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Cincinnati's Rookwood Pottery Company manufactured art ceramics in the late 19th and early 20th centuries. With pieces reflecting the popular aesthetic values of the arts and crafts movement, the company received wide notice at the 1893 Columbian Exposition in Chicago, and it was between this exposition and the 1904 Louisiana Purchase Exposition that Rookwood concentrated its decorative energies on American Indian portraits adapted directly from photographs. This catalog accompanying a recent exhibition is both a history of a specific subset of a particular company's output and a catalog of the Cincinnati Art Museum's important collection of some 50 vases, pitchers, and ale mugs, all featuring American Indian portraiture. Essays by curator Ellis (Rookwood Pottery) and art historian Meyn (Northern Kentucky Univ.; More Than Curiosities) contextualize the rather arcane pieces, which represent the early stages of the West's fictionalized mythology, a narrative that would later become familiar to future generations of Americans. A good purchase for comprehensive collections in the decorative arts; optional otherwise.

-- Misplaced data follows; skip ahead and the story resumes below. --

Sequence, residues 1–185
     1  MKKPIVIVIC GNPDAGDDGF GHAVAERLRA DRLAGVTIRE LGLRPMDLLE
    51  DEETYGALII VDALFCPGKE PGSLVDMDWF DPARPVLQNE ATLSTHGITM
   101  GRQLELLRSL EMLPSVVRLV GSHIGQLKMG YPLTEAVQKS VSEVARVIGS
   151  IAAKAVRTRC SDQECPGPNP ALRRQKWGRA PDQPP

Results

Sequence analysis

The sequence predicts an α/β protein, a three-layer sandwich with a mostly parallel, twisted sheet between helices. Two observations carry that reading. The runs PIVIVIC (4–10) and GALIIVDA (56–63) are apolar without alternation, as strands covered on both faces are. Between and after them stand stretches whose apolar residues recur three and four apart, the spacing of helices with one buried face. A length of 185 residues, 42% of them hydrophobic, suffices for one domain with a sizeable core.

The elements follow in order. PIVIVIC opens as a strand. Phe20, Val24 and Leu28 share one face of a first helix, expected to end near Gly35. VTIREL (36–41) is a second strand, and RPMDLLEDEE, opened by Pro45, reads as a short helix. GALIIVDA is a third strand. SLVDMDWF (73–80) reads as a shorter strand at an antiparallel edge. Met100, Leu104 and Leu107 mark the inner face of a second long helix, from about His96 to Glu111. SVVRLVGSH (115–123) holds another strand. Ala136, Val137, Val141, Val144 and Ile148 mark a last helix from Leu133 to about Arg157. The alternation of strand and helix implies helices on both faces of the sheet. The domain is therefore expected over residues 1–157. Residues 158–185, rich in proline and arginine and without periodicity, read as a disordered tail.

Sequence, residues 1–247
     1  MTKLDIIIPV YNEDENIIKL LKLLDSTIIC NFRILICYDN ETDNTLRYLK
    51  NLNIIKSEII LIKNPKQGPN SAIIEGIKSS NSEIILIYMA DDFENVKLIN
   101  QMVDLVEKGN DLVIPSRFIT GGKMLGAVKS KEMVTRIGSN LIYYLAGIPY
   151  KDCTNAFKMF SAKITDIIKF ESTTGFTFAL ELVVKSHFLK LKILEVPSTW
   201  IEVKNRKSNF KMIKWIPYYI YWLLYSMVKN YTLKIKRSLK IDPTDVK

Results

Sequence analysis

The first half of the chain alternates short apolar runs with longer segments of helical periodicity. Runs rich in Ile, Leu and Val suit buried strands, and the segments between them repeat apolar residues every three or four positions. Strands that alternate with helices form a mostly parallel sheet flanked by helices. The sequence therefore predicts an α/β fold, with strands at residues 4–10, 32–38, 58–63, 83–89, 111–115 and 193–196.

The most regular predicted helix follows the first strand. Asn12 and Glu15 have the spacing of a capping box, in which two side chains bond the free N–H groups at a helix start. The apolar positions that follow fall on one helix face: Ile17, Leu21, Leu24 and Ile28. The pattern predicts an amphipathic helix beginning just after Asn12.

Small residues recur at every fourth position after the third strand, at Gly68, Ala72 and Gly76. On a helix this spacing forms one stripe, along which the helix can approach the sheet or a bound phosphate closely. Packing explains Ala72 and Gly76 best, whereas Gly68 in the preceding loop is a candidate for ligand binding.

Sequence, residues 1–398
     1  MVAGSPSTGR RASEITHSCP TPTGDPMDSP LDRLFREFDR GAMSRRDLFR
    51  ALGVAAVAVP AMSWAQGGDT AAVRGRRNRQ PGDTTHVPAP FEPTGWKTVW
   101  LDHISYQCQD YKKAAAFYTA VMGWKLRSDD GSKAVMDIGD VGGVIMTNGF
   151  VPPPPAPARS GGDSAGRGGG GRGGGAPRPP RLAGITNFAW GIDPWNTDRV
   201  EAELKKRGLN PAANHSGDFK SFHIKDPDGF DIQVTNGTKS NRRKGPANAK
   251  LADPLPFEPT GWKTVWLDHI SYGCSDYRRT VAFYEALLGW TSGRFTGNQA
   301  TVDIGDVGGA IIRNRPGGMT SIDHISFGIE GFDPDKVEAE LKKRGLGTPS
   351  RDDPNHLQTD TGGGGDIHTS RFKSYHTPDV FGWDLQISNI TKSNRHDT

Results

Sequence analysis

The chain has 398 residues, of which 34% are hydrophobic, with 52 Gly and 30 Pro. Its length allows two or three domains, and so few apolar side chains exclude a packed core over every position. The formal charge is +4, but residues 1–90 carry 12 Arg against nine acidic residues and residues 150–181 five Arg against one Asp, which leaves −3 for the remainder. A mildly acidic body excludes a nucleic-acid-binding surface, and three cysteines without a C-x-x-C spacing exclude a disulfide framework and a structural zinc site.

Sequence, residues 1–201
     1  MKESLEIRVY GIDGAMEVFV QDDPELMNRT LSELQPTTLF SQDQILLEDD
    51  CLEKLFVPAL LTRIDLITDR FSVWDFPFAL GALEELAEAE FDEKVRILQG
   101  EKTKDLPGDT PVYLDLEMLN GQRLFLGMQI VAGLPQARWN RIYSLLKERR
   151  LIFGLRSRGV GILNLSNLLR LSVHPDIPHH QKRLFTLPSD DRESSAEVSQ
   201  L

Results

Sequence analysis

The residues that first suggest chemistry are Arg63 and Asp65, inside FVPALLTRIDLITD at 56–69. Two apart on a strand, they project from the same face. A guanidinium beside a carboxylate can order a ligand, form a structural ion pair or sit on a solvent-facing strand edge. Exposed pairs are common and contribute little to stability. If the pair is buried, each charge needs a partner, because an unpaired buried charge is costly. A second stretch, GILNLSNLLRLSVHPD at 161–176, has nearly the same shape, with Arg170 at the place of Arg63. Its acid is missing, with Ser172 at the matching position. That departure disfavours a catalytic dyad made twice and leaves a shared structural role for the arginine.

—Douglas F. Smith